In our business of flying, “The Perfect” is very much still the enemy of “The Good,” especially when it comes to attaining dependable, economically feasible and broadly available all-weather operations equipage. The good in focus here are enhanced vision systems (EVS).
After years of direct involvement in EVS development and application, I can say without qualification that today’s thermal image-based EVSs are very good. Remarkable, even. In helping pilots see through the murk and the dark, they instill confidence and enhance operational safety. For helicopter pilots landing at night at a remote location, an EVS can be the only means of spotting obstacles and ground personnel.
And if you are appropriately trained, and your aircraft is equipped with a certified EV sensor coupled to a head-up display (HUD), you can legally descend an additional 100 ft. or so below published precision approach minimums. This capability is permitted only if at published decision height, the flying pilot can “see” the “runway ” through the EVS image superimposed on the HUD. If, after descending, the runway is not visible to the pilot using normal unaided human sight, a missed approach is required.
The ultimate goal — perfection, if you will — is the ability to safely conduct air and ground operations in zero-zero conditions as a matter of course. And no, EVS can’t deliver that. Yet.
EVS is currently available in three display configurations, each with a different acronym, price tag and certification. All offer improved situational awareness during times of reduced visibility due to darkness or weather, or both and, as noted, one system provides lower minimums:
EVS: Enhanced Vision System. A stand-alone thermal imaging camera that sees infrared energy emitting, or radiating, from objects and forms a real-time video image that is displayed on an MFD or dedicated video display screen. The system’s primary benefit is improving situational awareness. At night, an EVS eliminates the visual effects of darkness, turning it into day on the display, and enabling the pilot to see and avoid clouds at night. During the day, the system enables the pilot to see through smoke, haze and smog.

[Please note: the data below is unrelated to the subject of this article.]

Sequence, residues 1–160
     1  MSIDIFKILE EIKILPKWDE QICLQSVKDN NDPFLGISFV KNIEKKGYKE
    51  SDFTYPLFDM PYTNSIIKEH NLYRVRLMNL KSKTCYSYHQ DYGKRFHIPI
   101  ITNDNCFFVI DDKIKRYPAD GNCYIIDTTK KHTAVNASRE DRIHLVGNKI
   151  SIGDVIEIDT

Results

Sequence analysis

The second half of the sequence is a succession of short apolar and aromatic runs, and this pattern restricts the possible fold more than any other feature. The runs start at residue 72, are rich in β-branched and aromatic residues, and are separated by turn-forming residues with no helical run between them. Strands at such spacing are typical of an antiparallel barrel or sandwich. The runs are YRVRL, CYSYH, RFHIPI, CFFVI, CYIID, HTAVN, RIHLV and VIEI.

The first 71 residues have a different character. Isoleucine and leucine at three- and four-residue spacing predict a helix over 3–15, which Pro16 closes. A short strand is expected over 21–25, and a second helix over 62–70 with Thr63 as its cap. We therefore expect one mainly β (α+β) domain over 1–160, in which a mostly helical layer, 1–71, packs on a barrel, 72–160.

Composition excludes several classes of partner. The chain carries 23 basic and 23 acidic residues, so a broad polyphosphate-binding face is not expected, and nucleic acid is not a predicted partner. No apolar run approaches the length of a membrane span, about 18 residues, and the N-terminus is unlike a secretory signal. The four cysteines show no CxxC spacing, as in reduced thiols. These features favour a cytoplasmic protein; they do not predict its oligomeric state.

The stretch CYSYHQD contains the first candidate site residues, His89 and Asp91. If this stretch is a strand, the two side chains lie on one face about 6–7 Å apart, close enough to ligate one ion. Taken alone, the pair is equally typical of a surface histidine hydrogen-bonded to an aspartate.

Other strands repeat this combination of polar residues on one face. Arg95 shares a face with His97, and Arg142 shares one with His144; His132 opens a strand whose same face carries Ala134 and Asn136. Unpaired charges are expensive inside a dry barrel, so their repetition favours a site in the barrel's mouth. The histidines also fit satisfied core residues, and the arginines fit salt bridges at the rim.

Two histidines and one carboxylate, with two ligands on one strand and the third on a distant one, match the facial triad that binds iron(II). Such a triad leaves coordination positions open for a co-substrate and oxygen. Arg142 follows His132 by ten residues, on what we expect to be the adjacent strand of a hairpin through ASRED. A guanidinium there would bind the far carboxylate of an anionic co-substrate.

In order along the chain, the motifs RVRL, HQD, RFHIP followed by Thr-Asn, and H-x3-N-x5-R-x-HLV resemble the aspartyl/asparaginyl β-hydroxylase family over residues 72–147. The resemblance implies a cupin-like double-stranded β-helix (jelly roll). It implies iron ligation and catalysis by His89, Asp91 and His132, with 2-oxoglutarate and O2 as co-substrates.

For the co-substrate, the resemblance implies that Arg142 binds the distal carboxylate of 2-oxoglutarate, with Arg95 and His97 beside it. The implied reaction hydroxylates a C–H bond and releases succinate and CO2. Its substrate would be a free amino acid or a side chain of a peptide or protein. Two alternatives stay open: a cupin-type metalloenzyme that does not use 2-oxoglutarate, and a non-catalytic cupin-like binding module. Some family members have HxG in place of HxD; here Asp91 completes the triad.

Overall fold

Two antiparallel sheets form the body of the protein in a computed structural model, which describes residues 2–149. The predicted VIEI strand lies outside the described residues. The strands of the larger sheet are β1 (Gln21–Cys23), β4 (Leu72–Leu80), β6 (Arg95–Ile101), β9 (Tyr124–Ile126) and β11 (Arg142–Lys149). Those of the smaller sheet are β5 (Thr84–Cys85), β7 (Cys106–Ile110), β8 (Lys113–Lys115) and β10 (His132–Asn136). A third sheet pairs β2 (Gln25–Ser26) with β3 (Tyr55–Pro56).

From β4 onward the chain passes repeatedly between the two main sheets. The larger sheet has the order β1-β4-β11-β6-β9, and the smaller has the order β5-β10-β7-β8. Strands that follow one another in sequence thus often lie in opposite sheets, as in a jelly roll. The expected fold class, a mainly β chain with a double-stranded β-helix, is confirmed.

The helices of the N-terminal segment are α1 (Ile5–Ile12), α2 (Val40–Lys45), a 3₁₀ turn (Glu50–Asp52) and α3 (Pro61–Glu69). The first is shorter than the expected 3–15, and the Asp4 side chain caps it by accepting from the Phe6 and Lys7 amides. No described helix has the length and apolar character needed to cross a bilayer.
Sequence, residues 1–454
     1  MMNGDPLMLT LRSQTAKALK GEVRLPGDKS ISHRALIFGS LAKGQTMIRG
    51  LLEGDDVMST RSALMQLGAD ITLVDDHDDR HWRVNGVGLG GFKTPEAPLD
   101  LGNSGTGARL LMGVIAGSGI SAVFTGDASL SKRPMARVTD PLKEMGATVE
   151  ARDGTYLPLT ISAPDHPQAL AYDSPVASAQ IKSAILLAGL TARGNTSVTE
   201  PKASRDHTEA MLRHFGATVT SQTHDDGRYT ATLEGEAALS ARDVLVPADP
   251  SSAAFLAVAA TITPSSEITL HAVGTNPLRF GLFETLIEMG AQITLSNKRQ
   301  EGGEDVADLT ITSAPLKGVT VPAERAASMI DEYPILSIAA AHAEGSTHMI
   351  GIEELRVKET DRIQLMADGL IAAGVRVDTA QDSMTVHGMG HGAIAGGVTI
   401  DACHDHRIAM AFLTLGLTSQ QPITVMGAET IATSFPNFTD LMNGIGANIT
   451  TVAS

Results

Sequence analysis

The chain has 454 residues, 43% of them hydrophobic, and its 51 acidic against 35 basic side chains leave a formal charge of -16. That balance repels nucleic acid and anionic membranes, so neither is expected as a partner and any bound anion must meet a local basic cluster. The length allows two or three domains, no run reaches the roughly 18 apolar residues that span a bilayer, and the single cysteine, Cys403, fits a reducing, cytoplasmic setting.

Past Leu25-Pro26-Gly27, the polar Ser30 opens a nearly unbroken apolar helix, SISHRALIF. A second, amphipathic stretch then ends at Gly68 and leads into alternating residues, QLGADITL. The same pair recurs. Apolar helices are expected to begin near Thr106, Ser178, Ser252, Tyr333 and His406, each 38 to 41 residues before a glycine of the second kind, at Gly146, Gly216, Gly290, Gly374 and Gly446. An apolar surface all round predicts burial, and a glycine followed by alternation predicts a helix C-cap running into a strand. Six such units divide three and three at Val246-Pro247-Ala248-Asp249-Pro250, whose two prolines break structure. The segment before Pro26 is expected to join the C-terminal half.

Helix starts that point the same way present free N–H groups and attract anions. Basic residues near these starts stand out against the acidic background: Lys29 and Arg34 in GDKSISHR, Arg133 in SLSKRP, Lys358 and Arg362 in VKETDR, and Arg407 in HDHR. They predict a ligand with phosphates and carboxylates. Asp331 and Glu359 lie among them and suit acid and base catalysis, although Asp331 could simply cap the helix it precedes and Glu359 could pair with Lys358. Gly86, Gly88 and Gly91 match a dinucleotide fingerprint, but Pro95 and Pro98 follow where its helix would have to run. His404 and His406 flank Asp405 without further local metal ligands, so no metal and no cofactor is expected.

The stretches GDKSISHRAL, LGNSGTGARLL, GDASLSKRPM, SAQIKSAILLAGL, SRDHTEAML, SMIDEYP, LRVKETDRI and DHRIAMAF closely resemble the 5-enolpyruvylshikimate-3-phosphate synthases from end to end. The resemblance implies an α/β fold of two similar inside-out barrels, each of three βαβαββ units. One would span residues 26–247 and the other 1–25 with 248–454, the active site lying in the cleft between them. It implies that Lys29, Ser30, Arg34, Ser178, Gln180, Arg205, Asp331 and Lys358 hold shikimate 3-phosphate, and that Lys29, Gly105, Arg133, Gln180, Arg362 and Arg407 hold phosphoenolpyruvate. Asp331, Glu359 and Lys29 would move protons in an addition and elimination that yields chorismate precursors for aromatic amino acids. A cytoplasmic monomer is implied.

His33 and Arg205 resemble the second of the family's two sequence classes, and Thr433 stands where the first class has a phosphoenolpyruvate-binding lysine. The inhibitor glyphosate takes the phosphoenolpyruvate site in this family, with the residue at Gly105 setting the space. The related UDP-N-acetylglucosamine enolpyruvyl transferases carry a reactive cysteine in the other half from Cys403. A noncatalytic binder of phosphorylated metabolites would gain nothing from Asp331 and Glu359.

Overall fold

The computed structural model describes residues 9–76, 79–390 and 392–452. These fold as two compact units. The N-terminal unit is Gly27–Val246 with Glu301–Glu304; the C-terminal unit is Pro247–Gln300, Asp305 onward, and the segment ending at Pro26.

EFVS: Enhanced Flight Vision System. A thermal imaging camera that sees infrared energy radiating from objects coupled with and displayed on a HUD flight guidance system. The primary benefits of this more sophisticated arrangement is its approval for primary flight guidance in IFR flight, and it can provide lower minimums. And it, too, enhances the pilot’s situational awareness.
CVS: Combined Vision System. A thermal imaging camera combined with synthetic imagery, whereby the real-time EVS depiction is presented as a translucent overlay on the database-derived synthetic visuals on the PDF. The main benefits of this combined system is the visual addition of transient obstructions in the approach and landing zone. Such a system can be regarded as a preliminary step toward a future “Verified Synthetic Vision System” so accurate to allow precision landings followed by taxiing to the ramp in zero-zero conditions.
EVS, EFVS and CVS can all include sensors in addition to the IR sensor, such as visible light sensors. Data from each senor is electronically “fused” into and contributes to the image. This “fusion” of data from multiple sensors is a key component of advanced systems.
Today’s EFVSs are expensive — roughly $800,000+ — components in avionics suites but a welcome investment when you need an extra 100-ft. descent on the published DH — particularly if it’s at the end of a transoceanic flight, or there’s a high-value perishable, or chief of state, in back.
A simple EVS image on the MFD or stand-alone display can boost the confidence of an IFR-rated private pilot flying a light single or twin at night or in moderate IMC. On a clear, moonless VFR night, a straight EVS will turn night into day on the display, enabling the pilot to see the surrounding terrain, roads, buildings, etc., thus eliminating any night flying sweats. And it will turn a special VFR night into a special VFR day, and maybe add a little range to the reported SVFR visibility as an added benefit. The price for being able to see the otherwise unseeable ranges from about $25,000 to $130,000.
A New Way to See Seeing
To better understand the practical performance expectations of current EVS technology and to appreciate the net operational improvements of future generation systems, it’s helpful to have a basic understanding of how IR imaging works and the limitations that physics imposes on imaging with this energy source.
To begin, thermal imaging works differently than visible light imaging — that is, the way we see.
Take a look at the accompanying illustration. This shows what portion of the electromagnetic (EM) spectrum our eyes register and the relationship of the other frequencies to each other. Yes, light waves are part of the spectrum, which also includes lower frequency radio and television waves, microwaves and radar, infrared (IR), visible and ultraviolet “light,” on up through X-rays, then gamma rays and, finally, cosmic rays.